5. Renovation Experience and Exit Strategy. If you’ve renovated properties before, lenders might lend you more. Having a clear plan to sell the renovated property or switch to a regular mortgage after renovations can also help you borrow more.

Every lender has different rules. 

A mortgage broker specialising in uninhabitable properties can help you find the best loan options and borrow as much as possible. 

They can also help you present your situation well to lenders, making it more likely you’ll get approved.

Image to show that a mortgage broker specialising in uninhabitable properties can help find the best loan options. Text “Know your mortgage options with a qualified broker”

What If the House Has Asbestos, Subsidence or Is Listed?

Properties with asbestos, structural issues like subsidence, or listed/heritage building status can create problems when trying to get a mortgage, even if habitable. Lenders may:

  • Require professional surveys and costings to remedy issues
  • Impose strict renovation requirements to preserve heritage elements
  • Deny the mortgage application if risks are too high

Ultimately, the lender’s main concern is being able to recoup their investment if they must repossess the property. Any major issues impacting the property’s condition or value could prevent mortgage approval.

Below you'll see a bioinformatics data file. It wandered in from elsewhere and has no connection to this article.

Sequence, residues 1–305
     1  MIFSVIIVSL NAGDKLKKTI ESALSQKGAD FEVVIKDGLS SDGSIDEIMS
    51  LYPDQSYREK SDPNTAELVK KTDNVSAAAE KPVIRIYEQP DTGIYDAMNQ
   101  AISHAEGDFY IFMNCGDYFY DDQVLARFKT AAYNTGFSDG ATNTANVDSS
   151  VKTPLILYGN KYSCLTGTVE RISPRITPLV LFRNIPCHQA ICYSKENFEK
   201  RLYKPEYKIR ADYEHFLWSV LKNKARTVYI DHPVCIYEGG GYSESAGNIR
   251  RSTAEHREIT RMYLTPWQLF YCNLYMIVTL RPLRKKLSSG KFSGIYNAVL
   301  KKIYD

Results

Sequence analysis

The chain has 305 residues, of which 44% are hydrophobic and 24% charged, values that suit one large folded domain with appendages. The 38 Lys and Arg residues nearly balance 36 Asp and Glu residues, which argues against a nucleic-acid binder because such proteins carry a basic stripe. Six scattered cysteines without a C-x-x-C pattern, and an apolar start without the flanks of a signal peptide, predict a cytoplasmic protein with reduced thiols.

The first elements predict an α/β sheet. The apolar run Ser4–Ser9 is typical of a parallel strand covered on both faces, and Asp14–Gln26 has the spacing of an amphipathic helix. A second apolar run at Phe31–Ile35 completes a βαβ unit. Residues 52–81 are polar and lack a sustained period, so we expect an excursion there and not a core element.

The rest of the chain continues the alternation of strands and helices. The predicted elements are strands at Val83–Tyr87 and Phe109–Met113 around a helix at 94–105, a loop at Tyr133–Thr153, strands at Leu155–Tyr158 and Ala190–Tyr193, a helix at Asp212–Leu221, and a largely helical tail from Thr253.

Can I Get a Mortgage After Completing Repairs?

Once you’ve finished the renovations and made the property habitable, getting a regular mortgage is usually straightforward. 

To do this, you need to remortgage to a standard mortgage. This means switching your loan from a specialist option (like a bridging loan) to a regular mortgage product.

If your initial application wasn’t successful, there are a few ways forward:

  • Pay for repairs yourself, and possibly negotiate with the seller to lower the asking price to account for these repairs.
  • Asking the seller to complete repairs, increasing the sale price.
  • Using a bridging loan to cover purchase and repair costs, then remortgage.